I hope those in the US had a lovely holiday!  Mine was really nice yet hectic and eventful, I have to admit that the actual Turkey dinner was a sideshow to the main events.  There is nothing quiet about our Nov/Dec in this house as it is prime robot season with our competitions all in the several weeks between Thanksgiving and Christmas (except the older boys now compete every few weeks until the
This WAS the dining room.  As soon as the
Turkey was cleared, they moved out the
furniture and set up the 14 foot square robot
field.  I hear I get it back for Christmas Day
middle of Feb).  So ALL the time the kids had off (except Thursday), they were here.  Literally I would have to walk around the house and count how many people were in it (my extended family, robot kids, robot parents, in-laws, etc) to figure out how many were eating at each meal.  The number wavered between 12-24 at times.  The spontaneous parties and kids blowing off steam with NERF all over the place added to the chaos.  I am letting the older kids run their robot team this year (learning to organize - growth but a loss of parent control) but that means that I never know what is up.  They text and 'call in reinforcements' as progress goes forward and that can mean that a few teens show up at the door at 8pm to work when I thought we were just emptying out!  (Time to get out more chips!)

Grandpa adding the ball track made from wreath forms while
watching football in my family room.  Note the almost finished
gingerbread train (it moves)
Add to that an event at MIT that my side of the family has gotten into and has become a tradition for us and it gets REALLY CRAZY.  MIT hosts something called the FAT (Friday after Thanksgiving) Chain Reaction.  It is a giant Rube Goldberg device that is built on that day with segments built at home by teams.  This was our 4th year doing it and we go nuts.  We don't start until my parents and brothers arrive in town for Turkey, work on it like mad with all the toys in the house and many trips to Home Depot and set it up in front of the football on TV, only taking breaks to cook and eat the turkey.  For a family that is all mechanical, this is a crazy thing to collaborate on as we all think we
know what is best.  I guess it keeps us from arguing about politics.

We haul ourselves down to MIT on Friday and set up.  It takes forever to tweak it to work and usually still requires 'the hand of god' to move a ball that gets stuck somewhere in the movements.  The public comes in around 1pm and they swarm around all the teams and ask questions and watch your segment run.  The whole thing goes off around 3:30pm and is filmed in a crazy dance to much audience delight.  Almost 2000 people are there.  Tons of kids and that has become our speciality - doing something that delights.  What I am really proud of is how many teams over the years have told us that they came the year before and saw ours and decided they could do it and got their kids doing it with them.  That is awesome!  I am not sure if they are thinking 'heck - I could do better than that!!' or if our team's use of things we have laying around the house is inspiring for last minute prep.  We always limit ourselves to kid-friendly materials, which of course delights the kids as well.  We were the first to use toys and now that is a major theme of teams.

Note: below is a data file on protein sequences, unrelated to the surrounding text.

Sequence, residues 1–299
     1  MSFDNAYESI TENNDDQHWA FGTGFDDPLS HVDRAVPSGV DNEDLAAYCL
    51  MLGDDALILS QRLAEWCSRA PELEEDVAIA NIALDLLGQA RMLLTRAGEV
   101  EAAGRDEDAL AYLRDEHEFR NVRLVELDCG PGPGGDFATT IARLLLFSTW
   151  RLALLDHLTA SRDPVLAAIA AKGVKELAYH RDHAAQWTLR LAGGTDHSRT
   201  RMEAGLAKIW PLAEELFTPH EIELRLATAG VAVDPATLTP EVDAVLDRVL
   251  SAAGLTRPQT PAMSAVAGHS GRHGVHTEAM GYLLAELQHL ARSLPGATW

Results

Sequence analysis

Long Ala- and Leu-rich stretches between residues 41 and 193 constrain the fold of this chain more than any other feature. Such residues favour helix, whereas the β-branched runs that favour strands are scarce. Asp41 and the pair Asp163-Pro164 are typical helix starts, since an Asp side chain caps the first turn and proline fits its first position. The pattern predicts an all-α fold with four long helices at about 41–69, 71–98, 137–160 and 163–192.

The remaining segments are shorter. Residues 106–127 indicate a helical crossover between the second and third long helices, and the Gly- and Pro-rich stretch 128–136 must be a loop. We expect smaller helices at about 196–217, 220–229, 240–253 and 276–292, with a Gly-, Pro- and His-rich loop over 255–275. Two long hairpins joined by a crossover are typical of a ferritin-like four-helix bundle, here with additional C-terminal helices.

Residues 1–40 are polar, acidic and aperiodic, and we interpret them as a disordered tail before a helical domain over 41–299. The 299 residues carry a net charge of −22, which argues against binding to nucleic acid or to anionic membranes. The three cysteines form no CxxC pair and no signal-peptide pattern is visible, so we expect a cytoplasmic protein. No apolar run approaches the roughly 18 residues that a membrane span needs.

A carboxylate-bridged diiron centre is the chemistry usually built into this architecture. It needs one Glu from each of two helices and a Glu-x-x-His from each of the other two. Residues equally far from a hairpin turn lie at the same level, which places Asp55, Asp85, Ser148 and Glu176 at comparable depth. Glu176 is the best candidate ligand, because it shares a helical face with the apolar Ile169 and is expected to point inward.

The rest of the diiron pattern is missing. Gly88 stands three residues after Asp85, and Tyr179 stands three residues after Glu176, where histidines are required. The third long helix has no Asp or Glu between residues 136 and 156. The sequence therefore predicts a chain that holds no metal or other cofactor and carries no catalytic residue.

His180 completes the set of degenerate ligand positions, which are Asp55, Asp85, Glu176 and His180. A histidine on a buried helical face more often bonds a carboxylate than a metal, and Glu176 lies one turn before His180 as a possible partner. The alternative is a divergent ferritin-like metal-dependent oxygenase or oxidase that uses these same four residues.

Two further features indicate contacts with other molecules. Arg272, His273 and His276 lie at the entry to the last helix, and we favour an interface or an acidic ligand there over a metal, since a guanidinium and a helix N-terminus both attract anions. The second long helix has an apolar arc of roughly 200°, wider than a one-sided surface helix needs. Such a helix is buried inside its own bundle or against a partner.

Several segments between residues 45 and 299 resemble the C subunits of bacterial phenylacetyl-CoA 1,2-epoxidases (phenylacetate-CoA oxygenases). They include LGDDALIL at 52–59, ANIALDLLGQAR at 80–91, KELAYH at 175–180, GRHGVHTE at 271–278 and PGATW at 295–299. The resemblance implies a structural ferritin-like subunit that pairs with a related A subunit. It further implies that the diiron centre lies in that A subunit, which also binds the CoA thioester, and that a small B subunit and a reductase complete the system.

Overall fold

Fox news interviewing my oldest on our team's link.  In addition
to the moving gingerbread train that transported the ball, there
was a lego elevator, a robotic arm (to remove the ball from train),
long winding aerial ball track and a Lego CNC machine he built to
carve the year's theme (17) into a block of floral foam (a big
crowd pleaser).

This year, our theme was gingerbread.  Yes, half our set up was edible and that was a first.  I have been asked for years to redo my legendary moving gingerbread train (my kids remember it from their baby years), so we did it again.  The Lego robot teams used their breaks in competition training to decorate our houses for the set up (a convenient excuse to sugar load before going back to robot tweaking!).  My mom had to bake tons of cookies as diversionary materials for the robot teens and grown-up men so they wouldn't raid the structural gingerbread.  There was generally too much sugar imbibed by all.

The Rubicon X team.  What you can't see is the wire structure
in the air that carries the ball around - it disappears in the picture.
So the hilarious thing is that our link in the chain reaction has been photogenic each time and we have gotten an amazing amount of press every year.  This year we were the picture in the Black Friday events around the nation in Time Magazine.  And those who have met me personally won't be surprised by the description of my family in this Boston Globe article.  We are team Rubicon X (as in Crossing the Rubicon).  In past years we have used Hex Bugs to push the ball, brought robotic talking hamsters,
and used more Knex, Legos, than you can shake a stick at.  We still haven't incorporated live animals (this has been done with bunnies and ducks) but I am thinking of training my hamster for 2015!